Novosti in Moscow reported on Monday that Tamerlan visited the southern region of Dagestan in 2012 to apply for the replacement of a lost passport.
Republican leaders criticized the FBI for not pursuing early leads linking Tamerlan Tsarnaev to terror. Rep. Mike McCaul (R., Texas) said on CBS Face the Nation Sunday that the terrorists’ motivation in the Boston bombing is "the big question."
McCaul said he believes the brothers were radicalized in the 2009 and 2010.
"When you look at the foreign travel, particularly the older son who did travel to see his father in the Chechen region, January to July 2012, he spent six months over there and I think the real question investigators have right now is what was he doing over there for six months?" he said.
McCaul said his committee would seek to find out what happened and what may have gone wrong in the FBI’s handling of the case.
He said he has written to senior FBI and national security officials asking them to "give us answers as to what came out of that interview" with Tsarnaev in 2011.
"Why weren't Customs flags put on this individual when he traveled abroad?" McCaul asked.
Rep. Peter King (R., N.Y.) also criticized the FBI on Fox News Sunday, noting the 2011 interview with Tsarnaev is "the latest in a series of cases … where the FBI is given information about someone as being a potential terrorist."
"They look at them, and then they don't take action," King said. "Again, I’m wondering, again, is there something deficient here? What was wrong? … I don't want to be a Monday morning quarterback. They did a great job of resolving the case. But as far as getting information in advance and not seeming to take proper action, this is the fifth case I’m aware of where the FBI has failed to stop someone who ultimately became a terrorist murderer."
President Barack Obama on Friday said in the age of instant communications that people should not "jump to conclusions" about the attacks. He called for further investigation of the attacks and the use of courts, stating "that's why we take care not to rush to judgment—not about the motivations of these individuals; certainly not about entire groups of people."
The White House said on Monday that Dzhokar Tsarnaev would be tried in civilian courts and not as an enemy combatant like the al Qaeda terrorists in Guantanamo Bay, Cuba.
A federal complaint unsealed Monday revealed Tsarnaev is being charged with using a weapon of mass destruction and explosives resulting in deaths.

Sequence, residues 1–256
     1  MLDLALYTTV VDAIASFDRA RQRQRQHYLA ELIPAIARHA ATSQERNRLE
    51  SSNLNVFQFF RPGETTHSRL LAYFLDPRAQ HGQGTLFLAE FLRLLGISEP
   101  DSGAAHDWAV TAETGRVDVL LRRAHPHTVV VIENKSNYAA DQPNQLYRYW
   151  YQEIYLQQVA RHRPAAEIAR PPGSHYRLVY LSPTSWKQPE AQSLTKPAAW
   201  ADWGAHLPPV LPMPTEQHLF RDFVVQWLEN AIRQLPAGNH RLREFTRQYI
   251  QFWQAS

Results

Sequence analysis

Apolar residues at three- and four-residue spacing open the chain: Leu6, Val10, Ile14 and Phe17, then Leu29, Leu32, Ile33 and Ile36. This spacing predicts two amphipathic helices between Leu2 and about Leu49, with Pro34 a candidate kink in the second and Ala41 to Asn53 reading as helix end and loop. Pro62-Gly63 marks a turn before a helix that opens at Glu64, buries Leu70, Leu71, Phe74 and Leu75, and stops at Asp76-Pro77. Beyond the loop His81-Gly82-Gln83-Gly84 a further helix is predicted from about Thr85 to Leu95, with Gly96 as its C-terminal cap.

Rep. Keith Ellison (D., Minn.), the first Muslim member of Congress, said on MSNBC Monday that indications are that the Tsarnaev brothers’ attack was linked to the majority Muslim Russian enclave of Chechnya and its dispute with Russia. "It is not necessarily the case that anyone should jump to the conclusion that there was any religious motivation here," Ellison said.
A February 2011 Senate report by then-Sen. Joseph I. Lieberman (I., Conn.) and Sen. Susan M. Collins (R., Maine), on the lessons from the security failure in the Fort Hood shooting faulted the FBI for failing to properly understand violent Islamism and whether people are under its sway.
"The FBI and other intelligence agencies should ensure that they have sufficient guidance concerning the ideology of violent Islamist extremism and that ideological indicators or warning signs have been developed for use by agents," Lieberman and Collins said.
A 2008 FBI report called "Counterterrorism Analytical Lexicon" contains no mention of Islam or jihad. Instead, FBI analysts are required to state that jihad be called "violent extremism."
Violent extremism is defined as an ideology that "encourages, endorses, condones, justifies, or supports the commission of a violent act or crime against the United States, its government, citizens, or allies in order to achieve political, social, or economic changes, or against individuals or groups who hold contrary opinions."
Terrorism is defined as activity that is "the unlawful use or threat of violence in furtherance of political, religious, ideological, or social goals."